ASCAP Reports Higher Royalties in 2012 Despite Declines from Radio Industry Revenue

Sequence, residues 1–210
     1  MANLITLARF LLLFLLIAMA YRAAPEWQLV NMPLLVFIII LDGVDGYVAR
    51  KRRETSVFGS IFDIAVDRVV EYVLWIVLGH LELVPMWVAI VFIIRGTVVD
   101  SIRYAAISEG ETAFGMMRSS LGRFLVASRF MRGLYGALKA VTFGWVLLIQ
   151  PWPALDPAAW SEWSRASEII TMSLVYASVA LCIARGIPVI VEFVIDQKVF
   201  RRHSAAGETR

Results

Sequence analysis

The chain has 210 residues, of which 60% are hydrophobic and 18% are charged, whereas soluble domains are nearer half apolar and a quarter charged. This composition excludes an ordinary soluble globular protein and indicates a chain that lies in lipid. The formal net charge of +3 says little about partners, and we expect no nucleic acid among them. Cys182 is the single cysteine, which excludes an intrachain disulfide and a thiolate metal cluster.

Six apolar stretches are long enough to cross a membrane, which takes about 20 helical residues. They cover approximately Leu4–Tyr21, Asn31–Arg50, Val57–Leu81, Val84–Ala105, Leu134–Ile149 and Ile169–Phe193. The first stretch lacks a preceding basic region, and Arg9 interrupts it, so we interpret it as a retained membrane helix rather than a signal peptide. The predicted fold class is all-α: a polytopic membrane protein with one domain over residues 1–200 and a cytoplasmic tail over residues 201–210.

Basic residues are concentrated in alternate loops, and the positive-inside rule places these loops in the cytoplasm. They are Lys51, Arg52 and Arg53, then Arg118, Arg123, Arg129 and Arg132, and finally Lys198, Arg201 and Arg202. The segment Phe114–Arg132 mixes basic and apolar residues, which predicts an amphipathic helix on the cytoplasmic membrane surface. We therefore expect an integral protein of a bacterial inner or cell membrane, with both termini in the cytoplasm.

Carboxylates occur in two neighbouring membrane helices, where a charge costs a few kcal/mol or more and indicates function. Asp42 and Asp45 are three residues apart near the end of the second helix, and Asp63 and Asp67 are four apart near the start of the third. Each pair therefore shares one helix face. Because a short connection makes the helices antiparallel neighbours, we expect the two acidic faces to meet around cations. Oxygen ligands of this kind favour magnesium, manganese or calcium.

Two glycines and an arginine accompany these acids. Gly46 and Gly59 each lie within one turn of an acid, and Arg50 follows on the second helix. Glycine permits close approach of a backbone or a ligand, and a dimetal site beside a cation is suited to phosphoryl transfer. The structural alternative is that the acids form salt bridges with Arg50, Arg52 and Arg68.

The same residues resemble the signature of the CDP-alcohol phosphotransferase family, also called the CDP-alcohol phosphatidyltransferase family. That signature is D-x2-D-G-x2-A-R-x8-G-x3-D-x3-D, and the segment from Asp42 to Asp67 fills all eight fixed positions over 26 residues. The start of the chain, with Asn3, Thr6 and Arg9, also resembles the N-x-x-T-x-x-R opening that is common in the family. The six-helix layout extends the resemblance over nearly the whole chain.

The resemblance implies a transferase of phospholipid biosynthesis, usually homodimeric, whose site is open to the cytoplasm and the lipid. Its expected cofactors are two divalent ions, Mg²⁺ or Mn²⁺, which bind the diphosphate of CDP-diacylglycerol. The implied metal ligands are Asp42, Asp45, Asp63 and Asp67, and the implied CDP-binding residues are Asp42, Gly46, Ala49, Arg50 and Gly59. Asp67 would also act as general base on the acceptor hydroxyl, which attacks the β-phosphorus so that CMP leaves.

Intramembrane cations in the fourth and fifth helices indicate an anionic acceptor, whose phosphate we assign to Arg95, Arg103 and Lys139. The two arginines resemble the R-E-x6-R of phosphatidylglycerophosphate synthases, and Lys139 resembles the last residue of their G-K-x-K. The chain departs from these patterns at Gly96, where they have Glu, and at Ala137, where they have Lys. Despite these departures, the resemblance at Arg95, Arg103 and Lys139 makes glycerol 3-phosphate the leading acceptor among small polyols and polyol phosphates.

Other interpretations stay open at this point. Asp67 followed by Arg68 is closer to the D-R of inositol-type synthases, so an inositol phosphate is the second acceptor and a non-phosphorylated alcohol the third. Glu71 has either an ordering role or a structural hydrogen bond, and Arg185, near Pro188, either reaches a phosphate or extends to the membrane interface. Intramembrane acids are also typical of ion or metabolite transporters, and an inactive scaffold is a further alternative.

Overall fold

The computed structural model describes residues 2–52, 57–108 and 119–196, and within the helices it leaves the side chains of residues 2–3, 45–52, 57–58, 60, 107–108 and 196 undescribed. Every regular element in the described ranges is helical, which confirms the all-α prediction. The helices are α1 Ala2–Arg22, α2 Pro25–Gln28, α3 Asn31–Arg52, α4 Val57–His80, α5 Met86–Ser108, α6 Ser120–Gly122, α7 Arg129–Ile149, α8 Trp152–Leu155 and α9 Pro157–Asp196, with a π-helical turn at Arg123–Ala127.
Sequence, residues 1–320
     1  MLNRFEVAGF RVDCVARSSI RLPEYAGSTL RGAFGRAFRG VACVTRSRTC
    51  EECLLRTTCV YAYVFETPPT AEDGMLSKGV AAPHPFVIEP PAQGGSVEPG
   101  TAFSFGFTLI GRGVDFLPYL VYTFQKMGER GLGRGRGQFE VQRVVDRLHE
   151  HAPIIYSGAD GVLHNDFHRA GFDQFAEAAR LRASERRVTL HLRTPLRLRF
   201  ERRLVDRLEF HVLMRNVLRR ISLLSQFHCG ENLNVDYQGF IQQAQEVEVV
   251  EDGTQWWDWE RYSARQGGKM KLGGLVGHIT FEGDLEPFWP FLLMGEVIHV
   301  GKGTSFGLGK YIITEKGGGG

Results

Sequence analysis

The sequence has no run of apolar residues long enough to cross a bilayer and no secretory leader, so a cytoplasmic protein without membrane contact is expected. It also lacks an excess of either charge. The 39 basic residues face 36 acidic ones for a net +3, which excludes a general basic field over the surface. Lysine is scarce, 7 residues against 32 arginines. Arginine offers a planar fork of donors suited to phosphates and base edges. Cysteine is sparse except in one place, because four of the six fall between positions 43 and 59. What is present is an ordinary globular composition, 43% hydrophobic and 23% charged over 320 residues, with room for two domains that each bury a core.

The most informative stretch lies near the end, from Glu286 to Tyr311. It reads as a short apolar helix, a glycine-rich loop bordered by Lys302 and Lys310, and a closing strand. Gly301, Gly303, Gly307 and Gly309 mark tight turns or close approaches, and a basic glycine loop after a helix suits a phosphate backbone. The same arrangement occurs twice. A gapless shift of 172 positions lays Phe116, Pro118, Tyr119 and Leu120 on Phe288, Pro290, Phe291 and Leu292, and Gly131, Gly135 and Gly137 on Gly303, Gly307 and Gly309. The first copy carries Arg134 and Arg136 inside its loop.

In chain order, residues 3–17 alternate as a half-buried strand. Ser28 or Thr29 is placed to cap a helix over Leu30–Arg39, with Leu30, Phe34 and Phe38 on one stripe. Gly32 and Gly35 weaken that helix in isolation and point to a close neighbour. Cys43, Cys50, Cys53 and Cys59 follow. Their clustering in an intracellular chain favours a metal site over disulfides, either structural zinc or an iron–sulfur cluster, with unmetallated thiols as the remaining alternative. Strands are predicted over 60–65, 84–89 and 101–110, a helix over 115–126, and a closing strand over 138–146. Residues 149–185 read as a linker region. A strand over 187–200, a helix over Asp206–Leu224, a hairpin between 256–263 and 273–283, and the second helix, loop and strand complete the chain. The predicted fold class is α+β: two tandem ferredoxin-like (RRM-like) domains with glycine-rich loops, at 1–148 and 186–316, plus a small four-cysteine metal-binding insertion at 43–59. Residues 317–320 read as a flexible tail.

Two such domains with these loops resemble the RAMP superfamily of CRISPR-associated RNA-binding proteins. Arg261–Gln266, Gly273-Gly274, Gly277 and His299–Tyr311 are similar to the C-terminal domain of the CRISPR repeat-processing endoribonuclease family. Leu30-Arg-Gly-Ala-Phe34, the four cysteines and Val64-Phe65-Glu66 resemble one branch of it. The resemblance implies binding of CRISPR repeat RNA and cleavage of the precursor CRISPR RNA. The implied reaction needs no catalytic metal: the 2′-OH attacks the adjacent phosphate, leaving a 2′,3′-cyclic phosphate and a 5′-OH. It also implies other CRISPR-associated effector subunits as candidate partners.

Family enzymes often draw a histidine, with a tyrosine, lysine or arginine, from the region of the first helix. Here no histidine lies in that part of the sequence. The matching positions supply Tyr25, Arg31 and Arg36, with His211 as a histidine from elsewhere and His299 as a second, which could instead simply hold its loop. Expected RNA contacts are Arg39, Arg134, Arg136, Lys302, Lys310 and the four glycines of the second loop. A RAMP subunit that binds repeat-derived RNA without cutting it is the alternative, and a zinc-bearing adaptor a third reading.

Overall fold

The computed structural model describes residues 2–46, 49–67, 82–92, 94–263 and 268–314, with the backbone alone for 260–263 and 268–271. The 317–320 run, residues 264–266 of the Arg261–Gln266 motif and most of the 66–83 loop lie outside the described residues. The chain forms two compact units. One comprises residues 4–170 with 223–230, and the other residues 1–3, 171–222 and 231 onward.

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AscapAs many of us know when it comes to the music industry, the money is in songwriting, producing, and publishing. That same philosophy held true in n2012 as ASCAP paid out more than $800 million in royalties last year.The American Society of Composers, Authors and Publishers (ASCAP), the worldwide leader in performing rights and advocacy for music creators, today announced that it distributed over $827 million in royalties to its songwriter, composer and publisher members in the calendar year ended 2012, a slight increase over 2011. 2012 became the fifth year in a row that ASCAP distributed in excess of $800 million to its members – the only performing rights organization to do so – making it the global leader in performance royalty distributions to songwriters, composers and music publishers.ASCAP maintained its high level of royalty payments to members through careful financial management, which anticipated revenue declines from the radio industry as well as settlements with background music services resulting from the DMX rate court decision. At $941 million, annual revenues were strong – the 3rd highest ever – but down 4.5% from 2011.Growth in cable revenues and continued strength in foreign revenues were the primary factors in mitigating the impact of the radio and background music revenue declines. Due to continued industry growth and several major settlements, cable revenues were up 20%. ASCAP also saw revenue growth in new media and general licensing categories, including bars and grills, hotels and pop concerts.ASCAP President and Chairman Paul Williams commented: “Our goal in 2012 was to ensure a healthy, steady stream of royalties to our members who depend on ASCAP’s advocacy and collective licensing to pay the rent and put food on the table. The music of our members is more popular than ever all around the world, especially through the proliferation of online and wireless services. We are navigating in a complex, rapidly changing environment in which huge, cash-rich technology companies are developing business models that fly fast and free with our copyrights. Only a thriving community of songwriters and composers – who can make a decent living from their work – can ensure a vibrant music eco-system going forward. ASCAP’s advocacy for our members is, as always, a critical factor in ensuring fair treatment and payment for their work.”

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